Other memories are less sharp but even more lasting. Just as last year, the time spent with kids away from television and computers, just drifting, fishing and talking. Dads who catch pleasant minutes together in only scattered occasions over the course of the year now spending hours talking and laughing around the campfire. Our cumulative awe at the natural splendor we inherit in Virginia and the growing understanding that we have a part in maintaining it for the next generation’s dads and kids who will seek the same pleasure.

We will come back again and again, to camp by the river, to see it new each morning and hear its quiet voice long after dark has descended. Waking in the middle of the night, the river is there. Thoreau and his brother experience it this way:

Whenever we awoke in the night, still eking out our dreams with half-awakened thoughts, it was not until after an interval, when the winder breathed harder than usual, flapping the curtains of our tent, and causing its cords to vibrate, the we remembered that we lay on the banks of the Merrimack, and not in our chamber at home. With our heads so low in the grass, we heard the river whirling and sucking, and lapsing downward, kissing the shore as it went, sometimes crippling louder than others, and again its mighty current making only a slight limpid trickling sound, as if our water-pail had sprung a leak, and the water were flowing into the grass by our side. The wind, rustling the oaks and hazels, impressed us like a wakeful and inconsiderate person up at midnight, moving and putting things to rights, occasionally stirring up whole drawers full of leaves at a puff. There seemed to be a great haste and preparation throughout Nature, as for a distinguished visitor; all her aisles had to be swept in the night, by a thousand hand-maidens, and a thousand pots to be boiled for the next day’s feasting; –such a whispering bustle, as if ten thousand fairies made the fingers fly, silently sewing at the new carpet with which the earth was to be clothed, and the new drapery which was to adorn the trees. And then the wind would lull and die away and we like it fell asleep again.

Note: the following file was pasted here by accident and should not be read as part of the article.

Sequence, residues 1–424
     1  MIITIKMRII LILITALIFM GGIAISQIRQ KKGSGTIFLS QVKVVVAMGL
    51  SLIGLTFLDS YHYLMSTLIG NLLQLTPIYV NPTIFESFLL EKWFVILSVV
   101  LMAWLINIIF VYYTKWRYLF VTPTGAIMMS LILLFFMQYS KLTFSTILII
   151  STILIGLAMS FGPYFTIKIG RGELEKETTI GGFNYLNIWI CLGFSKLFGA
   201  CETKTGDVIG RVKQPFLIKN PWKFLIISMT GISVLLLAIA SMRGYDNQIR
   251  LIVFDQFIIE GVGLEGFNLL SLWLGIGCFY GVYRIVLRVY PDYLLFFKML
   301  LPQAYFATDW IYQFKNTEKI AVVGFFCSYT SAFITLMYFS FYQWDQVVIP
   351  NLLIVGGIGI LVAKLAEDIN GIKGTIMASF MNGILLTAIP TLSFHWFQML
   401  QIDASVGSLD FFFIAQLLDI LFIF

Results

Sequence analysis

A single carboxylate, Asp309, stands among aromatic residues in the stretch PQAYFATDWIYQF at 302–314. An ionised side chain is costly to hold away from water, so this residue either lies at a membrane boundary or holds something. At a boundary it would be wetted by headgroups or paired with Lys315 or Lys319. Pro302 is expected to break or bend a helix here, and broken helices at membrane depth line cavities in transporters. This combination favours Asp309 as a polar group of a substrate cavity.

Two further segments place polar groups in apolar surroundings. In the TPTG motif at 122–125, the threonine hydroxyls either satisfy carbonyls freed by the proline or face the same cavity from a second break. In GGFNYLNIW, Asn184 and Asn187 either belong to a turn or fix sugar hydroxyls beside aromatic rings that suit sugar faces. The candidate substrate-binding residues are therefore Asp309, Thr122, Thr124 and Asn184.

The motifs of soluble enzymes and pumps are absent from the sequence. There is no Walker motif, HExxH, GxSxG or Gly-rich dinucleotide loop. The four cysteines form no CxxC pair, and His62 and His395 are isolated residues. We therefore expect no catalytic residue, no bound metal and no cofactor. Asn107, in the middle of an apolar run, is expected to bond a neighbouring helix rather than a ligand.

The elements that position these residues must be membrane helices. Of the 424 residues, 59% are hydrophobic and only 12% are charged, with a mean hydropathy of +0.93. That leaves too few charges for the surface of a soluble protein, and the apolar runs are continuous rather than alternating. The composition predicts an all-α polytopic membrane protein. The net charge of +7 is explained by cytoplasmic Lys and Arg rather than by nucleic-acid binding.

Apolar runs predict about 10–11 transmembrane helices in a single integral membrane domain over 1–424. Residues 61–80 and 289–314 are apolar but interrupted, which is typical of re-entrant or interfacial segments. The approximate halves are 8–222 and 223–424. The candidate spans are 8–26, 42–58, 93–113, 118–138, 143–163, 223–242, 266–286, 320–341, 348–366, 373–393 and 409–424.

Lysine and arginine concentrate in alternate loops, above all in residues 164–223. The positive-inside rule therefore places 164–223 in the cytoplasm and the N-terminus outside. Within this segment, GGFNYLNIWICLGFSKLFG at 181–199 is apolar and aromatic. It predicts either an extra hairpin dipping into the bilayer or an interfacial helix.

Tim Kaine